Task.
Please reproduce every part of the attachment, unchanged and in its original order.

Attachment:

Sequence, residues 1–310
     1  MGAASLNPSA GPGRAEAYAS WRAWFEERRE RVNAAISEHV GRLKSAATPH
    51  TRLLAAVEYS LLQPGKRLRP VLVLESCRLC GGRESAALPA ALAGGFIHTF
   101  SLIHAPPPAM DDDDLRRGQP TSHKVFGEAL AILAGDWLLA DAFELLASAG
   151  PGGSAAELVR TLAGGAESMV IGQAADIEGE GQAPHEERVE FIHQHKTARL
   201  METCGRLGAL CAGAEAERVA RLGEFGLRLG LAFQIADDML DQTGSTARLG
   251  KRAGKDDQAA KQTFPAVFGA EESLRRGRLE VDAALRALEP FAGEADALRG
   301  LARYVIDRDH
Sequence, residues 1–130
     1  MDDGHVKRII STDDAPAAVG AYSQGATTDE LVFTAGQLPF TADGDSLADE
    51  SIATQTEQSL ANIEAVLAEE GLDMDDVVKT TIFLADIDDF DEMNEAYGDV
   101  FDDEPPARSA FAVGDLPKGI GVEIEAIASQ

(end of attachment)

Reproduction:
Sequence, residues 1–310
     1  MGAASLNPSA GPGRAEAYAS WRAWFEERRE RVNAAISEHV GRLKSAATPH
    51  TRLLAAVEYS LLQPGKRLRP VLVLESCRLC GGRESAALPA ALAGGFIHTF
   101  SLIHAPPPAM DDDDLRRGQP TSHKVFGEAL AILAGDWLLA DAFELLASAG
   151  PGGSAAELVR TLAGGAESMV IGQAADIEGE GQAPHEERVE FIHQHKTARL
   201  METCGRLGAL CAGAEAERVA RLGEFGLRLG LAFQIADDML DQTGSTARLG
   251  KRAGKDDQAA KQTFPAVFGA EESLRRGRLE VDAALRALEP FAGEADALRG
   301  LARYVIDRDH
Sequence, residues 1–130
     1  MDDGHVKRII STDDAPAAVG AYSQGATTDE LVFTAGQLPF TADGDSLADE
    51  SIATQTEQSL ANIEAVLAEE GLDMDDVVKT TIFLADIDDF DEMNEAYGDV
   101  FDDEPPARSA FAVGDLPKGI GVEIEAIASQ